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Joseph Morgan was an early 18th century British historian and editor. In this history of Algiers, “to which is prefixed, an epitome of the general history of Barbary, from the earliest times: interspersed with many curious passages and remarks, not touched on by any writer whatever,” Morgan covers vast expanses of time and territory. He also includes the following information about a well-known desert traveler.

‘Seize the Whole of This Unsuspecting Multitude’: Highlights from Afro-Americana Imprints, 1535-1922

‘A Rope of Sand’: Highlights from The American Civil War Collection, 1860-1922

The June release of The American Civil War Collection, 1860-1922: From the American Antiquarian Society includes an 1862 speech from the House floor in favor of the “confiscation of rebel property,” a history of the war by a Morgan's Raid commander, and a speech honoring “the remarkable career and character of Edward Augustus Wild,” a local war hero from Brookline, Massachusetts.


Confiscation of Rebel Property (1862)

Speech of Hon. William Kellogg, of Illinois, delivered in the House of Representatives, May 24, 1862

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William Kellogg (1814-1872) served in both the Illinois and U.S. House of Representatives. After refusing an appointment to be Minister to Guatemala, Kellogg accepted the position of Chief Justice of the Territorial Supreme Court of the Nebraska Territory.

While serving in the U.S House, Kellogg was vocal in debates related to the onset of the war. In 1860, he was appointed to the Committee of Thirty-Three which was charged with proposing a path to avert war. The next year Kellogg introduced a substitute to the proposal of the committee. His proposal allowed slavery to continue in limited states and territories. He was criticized for this position and in the following year argued in favor of war power and the power of confiscation by the state.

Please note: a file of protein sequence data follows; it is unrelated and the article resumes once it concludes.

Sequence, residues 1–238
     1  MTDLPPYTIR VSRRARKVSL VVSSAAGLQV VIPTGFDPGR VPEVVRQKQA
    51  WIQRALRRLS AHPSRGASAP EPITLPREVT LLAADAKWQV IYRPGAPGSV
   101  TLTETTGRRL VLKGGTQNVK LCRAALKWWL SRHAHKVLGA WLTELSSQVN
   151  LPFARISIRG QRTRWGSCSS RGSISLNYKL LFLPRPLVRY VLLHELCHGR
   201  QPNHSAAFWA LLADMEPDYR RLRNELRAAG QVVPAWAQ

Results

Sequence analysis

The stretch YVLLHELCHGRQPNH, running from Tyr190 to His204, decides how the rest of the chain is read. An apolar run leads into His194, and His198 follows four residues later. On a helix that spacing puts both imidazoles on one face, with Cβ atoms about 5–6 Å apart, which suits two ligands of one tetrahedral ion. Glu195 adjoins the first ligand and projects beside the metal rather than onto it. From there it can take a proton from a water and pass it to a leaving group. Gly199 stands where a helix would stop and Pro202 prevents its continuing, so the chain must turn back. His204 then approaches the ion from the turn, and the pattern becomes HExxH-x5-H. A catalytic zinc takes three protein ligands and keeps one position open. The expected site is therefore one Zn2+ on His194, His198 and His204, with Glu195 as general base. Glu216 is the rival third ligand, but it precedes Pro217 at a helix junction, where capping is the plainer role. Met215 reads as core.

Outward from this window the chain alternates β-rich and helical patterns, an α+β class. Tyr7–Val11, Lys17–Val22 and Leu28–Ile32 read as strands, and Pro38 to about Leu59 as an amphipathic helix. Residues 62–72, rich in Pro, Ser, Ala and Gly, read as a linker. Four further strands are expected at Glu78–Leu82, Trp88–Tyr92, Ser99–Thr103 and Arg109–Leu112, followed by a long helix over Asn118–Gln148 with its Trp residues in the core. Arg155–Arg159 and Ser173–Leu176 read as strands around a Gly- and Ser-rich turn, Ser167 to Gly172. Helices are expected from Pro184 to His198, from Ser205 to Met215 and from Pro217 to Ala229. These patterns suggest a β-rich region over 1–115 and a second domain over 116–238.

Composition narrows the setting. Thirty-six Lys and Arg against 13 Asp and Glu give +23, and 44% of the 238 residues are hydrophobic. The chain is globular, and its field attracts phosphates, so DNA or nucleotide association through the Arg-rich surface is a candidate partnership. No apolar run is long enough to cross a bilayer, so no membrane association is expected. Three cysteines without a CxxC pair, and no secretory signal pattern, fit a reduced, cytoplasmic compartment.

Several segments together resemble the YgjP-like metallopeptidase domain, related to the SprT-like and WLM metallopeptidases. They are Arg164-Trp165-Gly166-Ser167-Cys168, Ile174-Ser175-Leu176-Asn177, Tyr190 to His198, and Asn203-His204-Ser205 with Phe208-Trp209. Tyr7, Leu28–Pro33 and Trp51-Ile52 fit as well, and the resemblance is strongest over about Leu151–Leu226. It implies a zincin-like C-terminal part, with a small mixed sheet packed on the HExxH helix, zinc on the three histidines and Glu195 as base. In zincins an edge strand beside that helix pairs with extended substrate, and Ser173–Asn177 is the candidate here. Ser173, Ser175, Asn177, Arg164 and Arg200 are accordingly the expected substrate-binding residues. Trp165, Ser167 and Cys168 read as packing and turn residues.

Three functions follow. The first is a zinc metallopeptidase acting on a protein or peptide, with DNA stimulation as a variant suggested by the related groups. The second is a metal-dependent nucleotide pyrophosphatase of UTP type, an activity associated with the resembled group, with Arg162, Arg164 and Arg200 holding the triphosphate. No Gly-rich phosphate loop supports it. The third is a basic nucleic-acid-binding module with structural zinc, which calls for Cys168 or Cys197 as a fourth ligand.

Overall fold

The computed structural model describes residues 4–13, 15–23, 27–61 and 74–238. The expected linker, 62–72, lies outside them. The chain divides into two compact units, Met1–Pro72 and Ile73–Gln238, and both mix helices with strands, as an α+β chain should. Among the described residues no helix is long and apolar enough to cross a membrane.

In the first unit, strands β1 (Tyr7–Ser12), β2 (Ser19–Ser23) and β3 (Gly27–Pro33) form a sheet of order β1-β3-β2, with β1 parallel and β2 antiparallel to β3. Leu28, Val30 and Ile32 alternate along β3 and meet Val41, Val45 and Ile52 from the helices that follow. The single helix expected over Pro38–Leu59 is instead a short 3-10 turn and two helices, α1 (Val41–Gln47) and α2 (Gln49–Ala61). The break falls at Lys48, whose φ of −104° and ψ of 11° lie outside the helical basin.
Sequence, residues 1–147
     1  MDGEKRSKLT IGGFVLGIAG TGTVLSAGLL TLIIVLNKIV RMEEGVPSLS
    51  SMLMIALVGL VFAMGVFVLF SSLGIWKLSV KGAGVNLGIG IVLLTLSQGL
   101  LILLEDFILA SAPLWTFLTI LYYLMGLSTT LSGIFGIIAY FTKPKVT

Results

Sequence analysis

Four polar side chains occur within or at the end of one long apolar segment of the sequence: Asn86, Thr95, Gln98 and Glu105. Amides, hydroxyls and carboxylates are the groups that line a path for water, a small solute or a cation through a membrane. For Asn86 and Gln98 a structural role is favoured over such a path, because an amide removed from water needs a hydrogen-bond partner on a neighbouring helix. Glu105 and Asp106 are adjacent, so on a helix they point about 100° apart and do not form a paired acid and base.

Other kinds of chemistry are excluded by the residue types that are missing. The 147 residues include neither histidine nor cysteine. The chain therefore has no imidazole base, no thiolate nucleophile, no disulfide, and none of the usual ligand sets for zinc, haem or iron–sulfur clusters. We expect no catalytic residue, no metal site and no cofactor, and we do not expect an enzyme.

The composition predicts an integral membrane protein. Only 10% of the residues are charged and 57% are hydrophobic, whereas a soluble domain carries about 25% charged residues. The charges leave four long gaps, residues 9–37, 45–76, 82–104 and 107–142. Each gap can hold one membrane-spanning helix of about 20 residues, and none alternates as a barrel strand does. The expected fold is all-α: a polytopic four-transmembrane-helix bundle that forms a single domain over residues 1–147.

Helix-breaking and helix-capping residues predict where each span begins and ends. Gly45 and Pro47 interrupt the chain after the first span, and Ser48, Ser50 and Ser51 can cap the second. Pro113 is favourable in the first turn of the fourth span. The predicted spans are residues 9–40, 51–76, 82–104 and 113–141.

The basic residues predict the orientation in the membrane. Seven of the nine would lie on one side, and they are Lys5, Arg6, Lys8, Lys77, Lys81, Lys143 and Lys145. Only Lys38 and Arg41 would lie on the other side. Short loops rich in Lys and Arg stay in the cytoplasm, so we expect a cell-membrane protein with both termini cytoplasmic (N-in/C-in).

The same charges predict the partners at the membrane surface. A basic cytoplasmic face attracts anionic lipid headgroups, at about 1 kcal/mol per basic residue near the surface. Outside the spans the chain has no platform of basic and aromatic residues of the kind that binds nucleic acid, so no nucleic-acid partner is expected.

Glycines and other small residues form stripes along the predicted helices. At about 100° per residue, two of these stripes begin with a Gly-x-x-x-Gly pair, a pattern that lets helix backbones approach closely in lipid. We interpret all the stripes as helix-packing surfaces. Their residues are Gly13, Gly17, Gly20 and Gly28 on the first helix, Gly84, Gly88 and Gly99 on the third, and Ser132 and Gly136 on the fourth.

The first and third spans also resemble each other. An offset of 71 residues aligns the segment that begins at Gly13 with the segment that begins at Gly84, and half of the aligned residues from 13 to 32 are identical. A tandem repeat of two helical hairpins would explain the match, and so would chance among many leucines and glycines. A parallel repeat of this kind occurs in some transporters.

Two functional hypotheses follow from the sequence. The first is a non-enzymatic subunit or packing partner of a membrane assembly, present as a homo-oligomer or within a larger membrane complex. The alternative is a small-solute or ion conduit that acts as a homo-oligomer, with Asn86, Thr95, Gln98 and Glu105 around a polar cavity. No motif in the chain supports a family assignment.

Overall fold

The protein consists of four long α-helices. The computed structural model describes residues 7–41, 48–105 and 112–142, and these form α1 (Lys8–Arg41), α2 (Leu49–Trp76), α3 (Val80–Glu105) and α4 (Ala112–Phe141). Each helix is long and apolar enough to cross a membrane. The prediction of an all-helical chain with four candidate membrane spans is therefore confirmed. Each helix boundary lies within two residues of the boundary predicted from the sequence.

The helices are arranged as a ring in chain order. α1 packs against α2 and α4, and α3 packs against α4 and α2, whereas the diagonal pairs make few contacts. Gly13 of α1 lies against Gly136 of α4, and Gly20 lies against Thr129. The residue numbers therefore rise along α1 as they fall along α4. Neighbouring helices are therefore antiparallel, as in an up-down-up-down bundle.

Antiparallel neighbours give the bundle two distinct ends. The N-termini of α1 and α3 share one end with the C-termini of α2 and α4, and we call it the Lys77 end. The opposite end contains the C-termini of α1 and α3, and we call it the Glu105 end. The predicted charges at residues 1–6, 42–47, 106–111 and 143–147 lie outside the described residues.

In this speech on the “Confiscation of Rebel Property, delivered from the House floor, Kellogg said:

‘A Rope of Sand’: Highlights from The American Civil War Collection, 1860-1922

‘The Prospect of Anarchy and Dissolution Is Upon Us’: Highlights from Afro-Americana Imprints, 1535-1922

The May release of Afro-Americana Imprints, 1535-1922: From the Library Company of Philadelphia contains a 1767 address against slavery by an American physician, diplomat and politician; a memoir of travels through Africa by the self-described discoverer of the source of the Blue Nile; and Civil War-era campaign literature by the author of “Negro-mania.”

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Extract From an Address, in the Virginia Gazette, of March 19, 1767 (1767)

By Arthur Lee

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Arthur Lee (1740-1792) served as an American diplomat to Britain and France during the Revolutionary War. Prior to the war he was educated in both law and medicine. He practiced the former in London and upon returning to Virginia served as a delegate to the Continental Congress. In this early work, Lee speaks against slavery, arguing:

Permit me in your Paper, to address the Members of our Assembly, on two points, in which the public interest is very nearly concerned.

The abolition of slavery, and the retrieval of a specie in this colony, are the subjects, on which I would bespeak their attention.

‘The Prospect of Anarchy and Dissolution Is Upon Us’: Highlights from Afro-Americana Imprints, 1535-1922